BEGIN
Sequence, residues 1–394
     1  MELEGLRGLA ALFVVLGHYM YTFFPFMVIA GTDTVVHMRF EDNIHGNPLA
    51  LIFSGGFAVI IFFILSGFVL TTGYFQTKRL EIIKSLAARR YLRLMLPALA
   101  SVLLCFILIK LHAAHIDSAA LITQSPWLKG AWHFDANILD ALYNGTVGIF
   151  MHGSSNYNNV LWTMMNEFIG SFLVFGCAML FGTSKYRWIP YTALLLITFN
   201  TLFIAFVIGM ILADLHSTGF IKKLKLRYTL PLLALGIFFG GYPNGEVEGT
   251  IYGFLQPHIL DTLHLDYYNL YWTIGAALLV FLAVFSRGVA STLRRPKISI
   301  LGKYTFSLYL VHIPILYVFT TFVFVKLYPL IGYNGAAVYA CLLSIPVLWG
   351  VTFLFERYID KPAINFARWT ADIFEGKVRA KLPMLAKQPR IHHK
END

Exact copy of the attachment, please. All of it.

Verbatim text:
Sequence, residues 1–394
     1  MELEGLRGLA ALFVVLGHYM YTFFPFMVIA GTDTVVHMRF EDNIHGNPLA
    51  LIFSGGFAVI IFFILSGFVL TTGYFQTKRL EIIKSLAARR YLRLMLPALA
   101  SVLLCFILIK LHAAHIDSAA LITQSPWLKG AWHFDANILD ALYNGTVGIF
   151  MHGSSNYNNV LWTMMNEFIG SFLVFGCAML FGTSKYRWIP YTALLLITFN
   201  TLFIAFVIGM ILADLHSTGF IKKLKLRYTL PLLALGIFFG GYPNGEVEGT
   251  IYGFLQPHIL DTLHLDYYNL YWTIGAALLV FLAVFSRGVA STLRRPKISI
   301  LGKYTFSLYL VHIPILYVFT TFVFVKLYPL IGYNGAAVYA CLLSIPVLWG
   351  VTFLFERYID KPAINFARWT ADIFEGKVRA KLPMLAKQPR IHHK